- BB: I think that's one of the most-recommended series in my interviews, I REALLY need to get round to reading it soon!
If you were a character in your own books, which of the men would you most like to marry?
SB: Ha! OK, I'll vote for Frederick Carlyle on this one. Charming, funny, smart and good-looking...Angeline may be getting a terrifying mother-in-law through him, but he's definitely worth it. (Although I have a few friends who I know would vote for Charles! ;) )
- BB: I think Frederick's awesome, although I also really like Charles. And another one I won't mention because I know most people reading this probably haven't had a chance to read A Reckless Magick yet...
If you could ask any other author any question, who would you ask and what would you ask them?
SB: Erm...honestly, I'd probably pathetically beg Hilary McKay or any other of my favourite authors for sneak-peeks at their next books!
- BB: Sounds like a good plan to me!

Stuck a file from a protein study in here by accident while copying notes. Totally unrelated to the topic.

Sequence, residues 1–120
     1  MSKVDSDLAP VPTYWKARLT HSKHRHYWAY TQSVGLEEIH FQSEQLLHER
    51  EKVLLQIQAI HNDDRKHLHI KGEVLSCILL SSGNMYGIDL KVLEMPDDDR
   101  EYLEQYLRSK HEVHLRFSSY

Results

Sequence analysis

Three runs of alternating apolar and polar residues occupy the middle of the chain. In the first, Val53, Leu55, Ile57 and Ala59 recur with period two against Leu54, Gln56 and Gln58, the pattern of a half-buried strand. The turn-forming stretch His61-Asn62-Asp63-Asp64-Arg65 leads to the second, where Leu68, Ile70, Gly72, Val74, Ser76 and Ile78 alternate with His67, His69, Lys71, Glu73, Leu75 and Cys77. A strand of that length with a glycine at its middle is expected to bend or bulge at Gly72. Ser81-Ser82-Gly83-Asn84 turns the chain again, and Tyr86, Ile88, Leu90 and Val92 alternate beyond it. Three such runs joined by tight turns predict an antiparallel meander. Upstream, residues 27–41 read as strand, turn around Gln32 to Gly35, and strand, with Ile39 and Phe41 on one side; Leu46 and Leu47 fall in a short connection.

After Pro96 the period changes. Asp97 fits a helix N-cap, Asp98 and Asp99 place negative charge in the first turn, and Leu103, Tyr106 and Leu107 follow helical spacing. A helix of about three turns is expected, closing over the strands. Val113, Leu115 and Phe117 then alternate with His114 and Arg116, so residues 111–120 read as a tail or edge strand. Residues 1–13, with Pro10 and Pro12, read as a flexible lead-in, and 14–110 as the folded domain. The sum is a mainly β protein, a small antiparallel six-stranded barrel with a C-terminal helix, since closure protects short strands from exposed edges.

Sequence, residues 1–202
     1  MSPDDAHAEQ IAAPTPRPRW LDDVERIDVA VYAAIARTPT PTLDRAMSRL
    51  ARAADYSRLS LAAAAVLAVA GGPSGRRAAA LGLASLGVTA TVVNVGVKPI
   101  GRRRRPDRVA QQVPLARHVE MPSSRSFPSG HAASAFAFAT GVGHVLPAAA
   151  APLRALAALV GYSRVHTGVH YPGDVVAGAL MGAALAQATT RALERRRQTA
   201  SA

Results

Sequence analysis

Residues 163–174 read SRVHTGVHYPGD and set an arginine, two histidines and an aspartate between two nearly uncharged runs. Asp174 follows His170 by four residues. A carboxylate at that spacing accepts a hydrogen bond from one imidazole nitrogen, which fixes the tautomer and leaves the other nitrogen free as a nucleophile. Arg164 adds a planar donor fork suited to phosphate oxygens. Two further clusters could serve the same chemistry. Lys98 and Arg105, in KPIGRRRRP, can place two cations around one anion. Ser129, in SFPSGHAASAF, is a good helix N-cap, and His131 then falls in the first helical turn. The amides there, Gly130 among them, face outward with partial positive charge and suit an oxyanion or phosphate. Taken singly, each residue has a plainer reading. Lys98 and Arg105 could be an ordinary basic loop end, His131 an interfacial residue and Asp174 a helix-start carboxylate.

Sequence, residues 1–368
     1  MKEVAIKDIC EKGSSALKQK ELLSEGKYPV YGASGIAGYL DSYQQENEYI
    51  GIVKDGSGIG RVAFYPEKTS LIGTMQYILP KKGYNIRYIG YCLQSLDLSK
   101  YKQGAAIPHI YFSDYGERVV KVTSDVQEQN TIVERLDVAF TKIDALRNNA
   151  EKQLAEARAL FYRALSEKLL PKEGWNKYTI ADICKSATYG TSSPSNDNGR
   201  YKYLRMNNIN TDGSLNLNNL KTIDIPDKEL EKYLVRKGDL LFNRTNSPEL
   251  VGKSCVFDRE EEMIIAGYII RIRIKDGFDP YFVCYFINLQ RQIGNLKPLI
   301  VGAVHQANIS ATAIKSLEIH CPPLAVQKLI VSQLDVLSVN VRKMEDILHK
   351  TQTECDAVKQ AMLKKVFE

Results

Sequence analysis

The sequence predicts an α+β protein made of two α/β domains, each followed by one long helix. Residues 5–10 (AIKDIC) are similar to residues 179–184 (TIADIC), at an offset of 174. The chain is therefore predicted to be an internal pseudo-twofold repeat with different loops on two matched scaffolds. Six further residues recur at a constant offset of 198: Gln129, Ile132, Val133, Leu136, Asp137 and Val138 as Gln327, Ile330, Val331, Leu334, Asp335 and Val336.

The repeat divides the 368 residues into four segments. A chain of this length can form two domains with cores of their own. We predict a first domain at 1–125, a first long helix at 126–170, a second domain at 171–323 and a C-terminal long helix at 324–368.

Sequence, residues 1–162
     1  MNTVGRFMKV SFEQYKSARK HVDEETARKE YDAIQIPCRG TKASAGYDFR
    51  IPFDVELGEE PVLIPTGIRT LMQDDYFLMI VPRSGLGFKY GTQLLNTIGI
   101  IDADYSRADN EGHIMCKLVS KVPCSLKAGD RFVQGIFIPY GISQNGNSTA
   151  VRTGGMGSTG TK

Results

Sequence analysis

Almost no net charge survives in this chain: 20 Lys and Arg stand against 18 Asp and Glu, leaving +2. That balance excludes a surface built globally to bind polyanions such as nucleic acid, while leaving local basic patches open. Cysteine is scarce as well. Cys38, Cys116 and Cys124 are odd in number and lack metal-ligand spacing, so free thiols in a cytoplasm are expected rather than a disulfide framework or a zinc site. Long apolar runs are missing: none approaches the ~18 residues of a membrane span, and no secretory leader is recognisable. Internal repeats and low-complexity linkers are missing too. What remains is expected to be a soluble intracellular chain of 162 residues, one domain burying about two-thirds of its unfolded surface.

What are you reading at the moment?
SB: I just finished reading Dash and Lily's Book of Dares, by David Levithan and Rachel Cohn, and I loved it - a really fun, funny YA rom-com. Now I'm in the middle of reading Guadalupe Garcia McCall's Summer of the Mariposas, a lovely contemporary YA fantasy novel inspired by The Odyssey. It's about five Mexican-American sisters who sneak across the border to Mexico to return a dead man to his family and then have to face various magical barriers on their way back home.
- BB: Dash and Lily is another one that's been on my list of books to read for ages, while I haven't heard of the Mariposas, but it sounds great!
What's next for Stephanie Burgis?
SB: I won a bursary from Literature Wales this spring to work on a new historical fantasy adventure for children (tentative working title: Antonia O'Toole Takes the Low Road to Hollywood), which I've just finished drafting! It's a screwball road trip across 1930s America, with ghosts and gangsters and a 13-year-old heroine, and I'm about to send it out to some other writers for critique. Then I'll revise it, send it to my agent...and then we'll see! Please cross your fingers for me. :)
- BB: Fingers duly crossed! I can't wait to read it.
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This interview was kindly given to us by the ever-generous Ya Yeah Yeah.